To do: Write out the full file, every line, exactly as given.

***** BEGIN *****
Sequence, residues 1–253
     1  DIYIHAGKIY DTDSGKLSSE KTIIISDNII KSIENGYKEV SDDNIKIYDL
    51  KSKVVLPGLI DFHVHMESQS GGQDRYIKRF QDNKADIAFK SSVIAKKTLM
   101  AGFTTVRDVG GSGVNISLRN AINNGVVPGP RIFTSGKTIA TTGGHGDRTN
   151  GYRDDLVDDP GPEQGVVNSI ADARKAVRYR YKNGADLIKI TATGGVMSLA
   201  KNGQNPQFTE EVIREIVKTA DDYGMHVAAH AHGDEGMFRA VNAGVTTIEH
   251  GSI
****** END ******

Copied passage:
Sequence, residues 1–253
     1  DIYIHAGKIY DTDSGKLSSE KTIIISDNII KSIENGYKEV SDDNIKIYDL
    51  KSKVVLPGLI DFHVHMESQS GGQDRYIKRF QDNKADIAFK SSVIAKKTLM
   101  AGFTTVRDVG GSGVNISLRN AINNGVVPGP RIFTSGKTIA TTGGHGDRTN
   151  GYRDDLVDDP GPEQGVVNSI ADARKAVRYR YKNGADLIKI TATGGVMSLA
   201  KNGQNPQFTE EVIREIVKTA DDYGMHVAAH AHGDEGMFRA VNAGVTTIEH
   251  GSI